AASHTO Journal, 24 January 2014
Urban New Mexico motorists each pay an extra $458 on average per year for costs incurred from driving on deteriorating and congested roads, or $439 million total, according to a report released this week by transportation nonprofit TRIP.
TRIP’s report, “New Mexico Transportation by the Numbers: Meeting the State’s Need for Safe and Efficient Mobility,” identifies some of the transportation infrastructure issues in the state. According to TRIP, 23 percent of New Mexico’s major roadways are in poor or mediocre condition, while about one in six of the state’s bridges are structurally deficient or functionally obsolete. Last August, TRIP released a report that named the 50 most vital transportation projects that need to occur in New Mexico to support economic growth and quality to life, many of which in the state’s urban areas that would address congestion and safety issues (see related AASHTO Journal story here).
The infrastructure upgrades and maintenance are necessary to keep up with driving demand, TRIP said. According to the report, vehicle miles traveled in New Mexico jumped from 16.1 billion in 1990 to 25.6 billion in 2012, an increase of 58 percent. In addition, vehicle miles traveled in the state are projected to increase by another 30 percent by 2030. TRIP’s report also says that safety for that increasing number of drivers is at stake on New Mexico’s roadways. The state’s fatality rate of 1.43 fatalities per 100 million vehicle miles of travel is 27 percent higher than the national average of 1.13 fatalities for 100 million vehicle miles.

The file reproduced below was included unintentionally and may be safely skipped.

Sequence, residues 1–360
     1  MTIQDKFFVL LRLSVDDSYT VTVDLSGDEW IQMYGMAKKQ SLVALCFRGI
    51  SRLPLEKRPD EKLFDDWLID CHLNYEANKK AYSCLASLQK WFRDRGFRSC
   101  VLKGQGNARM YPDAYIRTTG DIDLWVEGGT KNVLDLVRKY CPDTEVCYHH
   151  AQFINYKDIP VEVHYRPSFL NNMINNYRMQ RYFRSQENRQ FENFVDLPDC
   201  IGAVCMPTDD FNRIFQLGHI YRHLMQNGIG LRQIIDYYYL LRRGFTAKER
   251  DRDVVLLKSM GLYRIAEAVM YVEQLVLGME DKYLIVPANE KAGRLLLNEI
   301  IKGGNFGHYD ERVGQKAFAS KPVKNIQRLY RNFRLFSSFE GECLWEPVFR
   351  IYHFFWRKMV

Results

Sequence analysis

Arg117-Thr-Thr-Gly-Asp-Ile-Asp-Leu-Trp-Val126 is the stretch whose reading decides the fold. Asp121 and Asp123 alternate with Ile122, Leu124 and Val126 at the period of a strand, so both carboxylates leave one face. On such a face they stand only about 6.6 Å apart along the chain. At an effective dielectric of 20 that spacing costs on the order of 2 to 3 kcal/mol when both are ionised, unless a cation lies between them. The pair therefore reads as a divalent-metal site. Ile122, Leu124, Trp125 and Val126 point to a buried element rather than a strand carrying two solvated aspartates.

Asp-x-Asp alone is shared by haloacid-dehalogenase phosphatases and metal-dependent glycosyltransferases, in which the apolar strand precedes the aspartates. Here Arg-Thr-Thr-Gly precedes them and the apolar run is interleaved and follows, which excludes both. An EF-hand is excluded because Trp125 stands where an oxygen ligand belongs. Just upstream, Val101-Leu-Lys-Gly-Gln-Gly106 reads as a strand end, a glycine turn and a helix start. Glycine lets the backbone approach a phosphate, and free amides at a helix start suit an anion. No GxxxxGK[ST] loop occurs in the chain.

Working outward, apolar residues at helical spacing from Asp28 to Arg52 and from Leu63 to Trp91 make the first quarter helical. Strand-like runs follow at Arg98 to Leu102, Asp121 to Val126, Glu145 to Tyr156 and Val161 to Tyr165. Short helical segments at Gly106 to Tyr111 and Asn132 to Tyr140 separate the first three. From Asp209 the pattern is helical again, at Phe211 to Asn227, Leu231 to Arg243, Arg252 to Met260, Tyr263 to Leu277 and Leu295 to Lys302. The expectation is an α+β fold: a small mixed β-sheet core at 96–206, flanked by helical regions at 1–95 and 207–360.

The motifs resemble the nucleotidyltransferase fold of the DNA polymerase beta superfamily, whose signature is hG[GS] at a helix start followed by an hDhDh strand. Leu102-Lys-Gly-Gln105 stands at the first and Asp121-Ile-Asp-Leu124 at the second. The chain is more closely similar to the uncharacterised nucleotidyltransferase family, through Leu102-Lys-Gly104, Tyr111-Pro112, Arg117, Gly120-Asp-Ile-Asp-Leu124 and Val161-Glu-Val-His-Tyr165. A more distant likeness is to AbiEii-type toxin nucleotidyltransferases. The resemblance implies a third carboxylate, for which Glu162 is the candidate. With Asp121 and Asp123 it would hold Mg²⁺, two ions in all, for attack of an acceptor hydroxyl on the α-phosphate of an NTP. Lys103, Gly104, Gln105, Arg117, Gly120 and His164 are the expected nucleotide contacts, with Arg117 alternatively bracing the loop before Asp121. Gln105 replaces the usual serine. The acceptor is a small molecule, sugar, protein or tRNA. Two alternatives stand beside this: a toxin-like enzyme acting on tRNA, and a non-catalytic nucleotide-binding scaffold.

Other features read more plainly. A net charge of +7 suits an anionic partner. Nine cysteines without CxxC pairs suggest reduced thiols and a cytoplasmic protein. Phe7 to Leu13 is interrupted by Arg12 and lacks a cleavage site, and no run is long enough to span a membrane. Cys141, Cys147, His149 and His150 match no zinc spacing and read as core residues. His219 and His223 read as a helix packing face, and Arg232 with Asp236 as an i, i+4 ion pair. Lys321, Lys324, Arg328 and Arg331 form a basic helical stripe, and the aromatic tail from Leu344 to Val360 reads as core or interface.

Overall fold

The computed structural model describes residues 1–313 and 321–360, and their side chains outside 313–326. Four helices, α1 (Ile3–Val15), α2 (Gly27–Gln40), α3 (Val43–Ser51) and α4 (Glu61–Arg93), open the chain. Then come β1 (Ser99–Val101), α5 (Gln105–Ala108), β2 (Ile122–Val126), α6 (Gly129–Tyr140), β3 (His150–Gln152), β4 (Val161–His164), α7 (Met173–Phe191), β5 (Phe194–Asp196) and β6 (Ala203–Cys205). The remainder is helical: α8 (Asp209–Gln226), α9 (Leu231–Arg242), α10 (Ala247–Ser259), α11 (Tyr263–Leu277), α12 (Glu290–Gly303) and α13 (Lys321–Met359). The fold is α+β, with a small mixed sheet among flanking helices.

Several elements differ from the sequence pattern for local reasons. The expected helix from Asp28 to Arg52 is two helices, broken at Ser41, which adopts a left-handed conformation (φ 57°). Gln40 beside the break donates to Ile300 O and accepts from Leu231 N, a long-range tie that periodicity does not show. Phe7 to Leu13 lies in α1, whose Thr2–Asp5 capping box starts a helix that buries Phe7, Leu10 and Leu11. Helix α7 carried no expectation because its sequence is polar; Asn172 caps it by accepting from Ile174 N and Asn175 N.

Additional investment in the state’s transportation infrastructure is vital to keep drivers safe and to continue to grow the network for the projected future increase in users, TRIP said.
“Addressing New Mexico’s need for a safe, efficient and well-maintained transportation system will require a significant investment boost at the federal, state and local levels,” said TRIP Executive Director Will Wilkins in a statement. “But not addressing the state’s need for an improved transportation system will result in even greater costs to the public.”
New Mexico Department of Transportation officials say the state is focusing on initiatives and transportation projects that will build the state’s economy.
“The Governor has introduced multiple tax incentives that will attract businesses to New Mexico,” said NMDOT Cabinet Secretary Tom Church. “The New Mexico Department of Transportation is making appropriate transportation decisions to promote economic development and improve our infrastructure.”
TRIP’s 18-page report on New Mexico’s transportation infrastructure is available here.